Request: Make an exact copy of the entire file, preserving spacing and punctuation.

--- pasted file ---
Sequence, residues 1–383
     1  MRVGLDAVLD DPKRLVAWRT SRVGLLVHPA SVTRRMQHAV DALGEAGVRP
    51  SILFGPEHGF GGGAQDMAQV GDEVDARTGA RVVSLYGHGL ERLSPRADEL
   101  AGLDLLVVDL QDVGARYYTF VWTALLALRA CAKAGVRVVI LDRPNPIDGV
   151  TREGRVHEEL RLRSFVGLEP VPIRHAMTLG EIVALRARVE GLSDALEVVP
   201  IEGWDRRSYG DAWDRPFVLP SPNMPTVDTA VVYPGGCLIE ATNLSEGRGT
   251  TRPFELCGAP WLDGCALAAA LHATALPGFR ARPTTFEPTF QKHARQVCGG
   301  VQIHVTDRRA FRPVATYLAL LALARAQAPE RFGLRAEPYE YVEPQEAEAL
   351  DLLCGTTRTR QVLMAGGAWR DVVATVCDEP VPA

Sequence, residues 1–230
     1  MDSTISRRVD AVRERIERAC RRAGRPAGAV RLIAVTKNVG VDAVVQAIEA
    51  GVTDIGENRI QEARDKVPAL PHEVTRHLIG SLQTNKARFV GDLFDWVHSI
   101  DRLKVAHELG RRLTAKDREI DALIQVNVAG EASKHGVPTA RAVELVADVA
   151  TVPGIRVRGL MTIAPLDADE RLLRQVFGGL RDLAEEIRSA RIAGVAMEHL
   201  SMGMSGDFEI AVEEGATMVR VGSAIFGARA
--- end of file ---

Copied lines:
Sequence, residues 1–383
     1  MRVGLDAVLD DPKRLVAWRT SRVGLLVHPA SVTRRMQHAV DALGEAGVRP
    51  SILFGPEHGF GGGAQDMAQV GDEVDARTGA RVVSLYGHGL ERLSPRADEL
   101  AGLDLLVVDL QDVGARYYTF VWTALLALRA CAKAGVRVVI LDRPNPIDGV
   151  TREGRVHEEL RLRSFVGLEP VPIRHAMTLG EIVALRARVE GLSDALEVVP
   201  IEGWDRRSYG DAWDRPFVLP SPNMPTVDTA VVYPGGCLIE ATNLSEGRGT
   251  TRPFELCGAP WLDGCALAAA LHATALPGFR ARPTTFEPTF QKHARQVCGG
   301  VQIHVTDRRA FRPVATYLAL LALARAQAPE RFGLRAEPYE YVEPQEAEAL
   351  DLLCGTTRTR QVLMAGGAWR DVVATVCDEP VPA

Sequence, residues 1–230
     1  MDSTISRRVD AVRERIERAC RRAGRPAGAV RLIAVTKNVG VDAVVQAIEA
    51  GVTDIGENRI QEARDKVPAL PHEVTRHLIG SLQTNKARFV GDLFDWVHSI
   101  DRLKVAHELG RRLTAKDREI DALIQVNVAG EASKHGVPTA RAVELVADVA
   151  TVPGIRVRGL MTIAPLDADE RLLRQVFGGL RDLAEEIRSA RIAGVAMEHL
   201  SMGMSGDFEI AVEEGATMVR VGSAIFGARA